After proofreading thousands of LNC reports, I prepared this list of 5 grammatical mistakes in LNC reports. This is a list of common offenders.
Do you want to present yourself a well-qualified communicator, one who understands how attorneys scrutinize every word in a report?
Here is what NOT to do.
1. Don’t confuse possessive and plural
Not sure when to use an apostrophe? Plurals mean you are referring to more than one. Possessive means you are describing ownership. I know many people who can’t figure out the difference between these two.
Wrong: “She was responsible for restocking the intensive care units equipment.”
Right: “She was responsible for restocking the intensive care unit’s equipment”. If you can rephrase it as “the equipment of the intensive care unit”, it is possessive. If you are referring to several intensive care units, you’d type, “the intensive care units’ equipment. The apostrophe goes after the s in the plural “units”.
Don’t add an apostrophe to a plural word unless you are using the possessive form. It is incorrect to type, “Margaret Taylor was the manager of several intensive care unit’s.”
2. Don’t mix up hyphens and dashes in your legal nurse consulting reports
This is another sign of an inexperienced writer. What’s the difference between a hyphen and a dash?
Hyphens punctuate words.
They link smaller words to make compound words: 66-year-old
They link an adjective before a noun: month-long orientation
Dashes punctuate sentences.
They make a detour around the main idea of a sentence to add an aside. Use two dashes in a sentence if the interruption comes in the middle of the sentence.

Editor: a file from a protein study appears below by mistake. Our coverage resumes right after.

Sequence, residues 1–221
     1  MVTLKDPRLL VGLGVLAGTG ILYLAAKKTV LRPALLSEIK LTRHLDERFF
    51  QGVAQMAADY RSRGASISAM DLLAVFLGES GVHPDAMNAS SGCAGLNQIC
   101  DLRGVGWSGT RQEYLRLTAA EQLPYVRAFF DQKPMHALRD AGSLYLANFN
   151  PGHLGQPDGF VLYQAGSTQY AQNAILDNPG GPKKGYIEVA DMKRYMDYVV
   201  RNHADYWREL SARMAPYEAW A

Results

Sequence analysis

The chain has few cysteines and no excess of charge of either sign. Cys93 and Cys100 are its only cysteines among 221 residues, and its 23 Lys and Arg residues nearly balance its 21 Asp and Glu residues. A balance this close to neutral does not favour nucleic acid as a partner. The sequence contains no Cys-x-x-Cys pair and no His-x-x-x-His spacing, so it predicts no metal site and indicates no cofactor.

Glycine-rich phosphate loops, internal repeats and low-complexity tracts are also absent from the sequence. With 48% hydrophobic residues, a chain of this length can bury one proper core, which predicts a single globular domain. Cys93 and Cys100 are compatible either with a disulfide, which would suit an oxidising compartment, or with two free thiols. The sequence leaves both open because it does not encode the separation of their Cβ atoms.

“The certified nursing assistant–who spoke limited English–could not read the care plan.”
A dash is twice as long as a hyphen. Note there is no space before and after either a hyphen or a dash.
3. Don’t use insure, assure and ensure interchangeably
Although these words sound alike, they are different and have different meanings.
Insure means to protect against loss.
Assure means to pledge or give confidence to people. (Reassure has the same meaning.)
Ensure means to guarantee or make certain.
- You contact an insurance carrier when you want to insure your car.
- You talk to the attorney when you want to assure him the case is defensible.
- You speak to the paralegal when you want to ensure you receive all of the medical records.
4. Don’t confuse principle and principal
Principals are people. You dreaded being sent to the principal when you were in school. The principal was not your pal. A principal is a person in control.
Principal also means main or primary. “Our principal need is to be sure we have named all of the possible defendants.”
Principle is a rule or guidebook. “It is against my principles to not refund the unused portion of a retainer.”
This is an example of using both words in the same sentence: “The principal of the law firm asserted that the firm would not violate its principles.” Got it?
5. Correctly use colons
Colons tell your reader to come to a stop. Use them to introduce a list, such as a list of medications.
Mr. Guthrie received prescriptions for these medications:
Don’t put a colon after a verb or the object of a preposition.
Incorrect: Please email me: the name of the anesthesiologist, scrub nurse and circulating nurse.
Correct: Please email me the names of the anesthesiologist, scrub nurse and circulating nurse.
The part before the colon must be able to stand alone as a complete sentence.
Also correct: Please email me the information I need to complete my analysis: the names of the anesthesiologist, scrub nurse and circulating nurse.
Were any of these 5 grammatical mistakes in LNC reports new to you? Pat Iyer presents more great writing tips in our webinar, “Get More Clients With Your Top Notch Writing Skills”. Watch the replay here.